Disposable vs. Reusable Medical Cables
Medical Hand Piece Cables
Cables for medical hand pieces must carry the power, control, sensor and data to and from the hand piece. The cable may be as simple as a two-conductor cable, providing power to a cut & cauterize scalpel or a multi-conductor power, control and sensor cable used on an orthopedic surgery device. Cables for handheld medical lasers likely contain lumen for cooling. Ablating hand piece cables can also contain lumen for irrigation and suction removal.
Disposable Medical Cables
Disposable medical cables are made from the lowest cost materials that will meet the design needs of the device. Conductor cost is dictated more by the number of strands used to make the conductor. The higher the strand count the more flexible the wire becomes. A marketing trade-off is often made for disposable cables, i.e. increase stiffness can be tolerated by the need to hold cost down. 7 or 19 strand conductors can be used, where in re-useable cables the strand count can be well over 50. The use of platings is reviewed and bare copper is the most often used. Tin plating is used only to enhance solderability. Crimping the wires is often the cheapest means of terminating the conductor. Silver plating is rarely used for disposable cables. Conductor sizes are determined by the current needs of the device.
Insulation and jacket materials are chosen by cost. Low cost materials such as Poly Vinyl Chloride (PVC) or Thermo Plastic Elastomers such as poly urethane are often used. Polyethylene can be used as insulation. Insulation and jacket thickness are determined by the voltage ratings of the signals in the cable.
Shields, when required, are usually of a spiral type rather than braid to hold the cost down. Spiral shields may lose shield effectiveness during repeated flexing, but the number of flexes for disposable cables is limited.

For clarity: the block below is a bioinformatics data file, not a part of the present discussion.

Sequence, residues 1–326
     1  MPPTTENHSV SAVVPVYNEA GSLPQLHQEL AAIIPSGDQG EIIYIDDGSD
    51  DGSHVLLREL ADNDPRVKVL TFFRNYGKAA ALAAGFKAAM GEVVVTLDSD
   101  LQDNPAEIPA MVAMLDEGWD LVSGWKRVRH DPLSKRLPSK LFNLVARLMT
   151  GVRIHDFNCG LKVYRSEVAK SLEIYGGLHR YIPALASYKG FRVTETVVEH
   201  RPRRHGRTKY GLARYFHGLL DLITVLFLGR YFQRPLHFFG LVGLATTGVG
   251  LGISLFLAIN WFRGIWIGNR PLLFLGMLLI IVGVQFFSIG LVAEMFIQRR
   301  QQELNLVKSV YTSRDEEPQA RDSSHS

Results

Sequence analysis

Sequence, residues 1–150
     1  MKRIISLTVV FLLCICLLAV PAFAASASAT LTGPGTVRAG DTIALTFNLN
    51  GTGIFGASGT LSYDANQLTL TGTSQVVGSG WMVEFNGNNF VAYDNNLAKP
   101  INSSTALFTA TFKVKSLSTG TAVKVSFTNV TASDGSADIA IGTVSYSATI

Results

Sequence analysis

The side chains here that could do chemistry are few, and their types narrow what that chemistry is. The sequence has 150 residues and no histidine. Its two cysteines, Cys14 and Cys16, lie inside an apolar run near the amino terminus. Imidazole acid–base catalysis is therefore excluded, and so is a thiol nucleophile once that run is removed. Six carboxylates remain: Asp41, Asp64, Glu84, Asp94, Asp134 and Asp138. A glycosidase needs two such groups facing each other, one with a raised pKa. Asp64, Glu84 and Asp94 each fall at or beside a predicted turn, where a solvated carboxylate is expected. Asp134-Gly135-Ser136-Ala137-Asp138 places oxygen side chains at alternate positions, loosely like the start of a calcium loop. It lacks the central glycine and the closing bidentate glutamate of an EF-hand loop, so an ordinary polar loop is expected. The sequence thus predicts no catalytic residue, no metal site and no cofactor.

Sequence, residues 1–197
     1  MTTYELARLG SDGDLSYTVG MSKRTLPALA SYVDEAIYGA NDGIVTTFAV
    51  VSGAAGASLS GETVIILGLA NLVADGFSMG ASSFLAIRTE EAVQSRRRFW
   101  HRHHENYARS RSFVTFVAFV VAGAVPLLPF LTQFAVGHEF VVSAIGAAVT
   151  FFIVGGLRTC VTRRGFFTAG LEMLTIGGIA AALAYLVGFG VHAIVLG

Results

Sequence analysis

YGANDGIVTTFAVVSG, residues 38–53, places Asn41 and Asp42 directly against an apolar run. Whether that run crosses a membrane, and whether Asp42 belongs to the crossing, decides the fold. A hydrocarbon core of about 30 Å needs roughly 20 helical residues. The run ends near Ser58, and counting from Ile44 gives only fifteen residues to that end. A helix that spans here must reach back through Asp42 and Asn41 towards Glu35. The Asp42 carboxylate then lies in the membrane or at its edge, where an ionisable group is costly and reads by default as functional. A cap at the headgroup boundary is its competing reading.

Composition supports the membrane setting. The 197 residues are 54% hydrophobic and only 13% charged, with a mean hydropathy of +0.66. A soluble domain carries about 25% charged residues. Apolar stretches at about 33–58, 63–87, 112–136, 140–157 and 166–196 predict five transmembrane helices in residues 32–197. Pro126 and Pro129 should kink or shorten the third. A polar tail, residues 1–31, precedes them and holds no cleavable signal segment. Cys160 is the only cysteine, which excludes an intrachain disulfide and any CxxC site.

Jacket colors usually are chosen by the program. The need for gamma sterilization may limit the color shades available. Colors can change during gamma sterilization and are usually required to be stable for less than 10 cycles to allow for re-sterilization when repackaging is needed.
Re-useable Medical Cables.
Medical cables designed for re-useable devices have to use materials that will withstand several cycles of sterilization by alcohol based agents or autoclaves.
Conductors are made from high strand count conductors for maximum flexibility and often they are made from high strength copper alloys. The size of the conductors is determined by the current they must carry to the device. To withstand the rigors of sterilization, plating’s of tin or silver plating may be required.
Insulation must also withstand the rigors of sterilization and are often either Teflon’s such as FEP, PFA or Tefzel® or Silicone Rubber. The use of lower cost materials may be made on a case by case basis.
When shields are required, they must be made from materials resistant to many sterilization cycles and are often silver plated copper or silver plated high strength copper alloys. Shield construction is usually of a braid rather than a spiral, as spiral shields can move during flexing and compromise the shielding effectiveness.
The cable jackets are made from Santoprene™ TPE which is good for up to 100 cycles of autoclaving, or Silicone Rubber. For assistance with custom wire & cable design, contact a design expert at Calmont Wire & Cable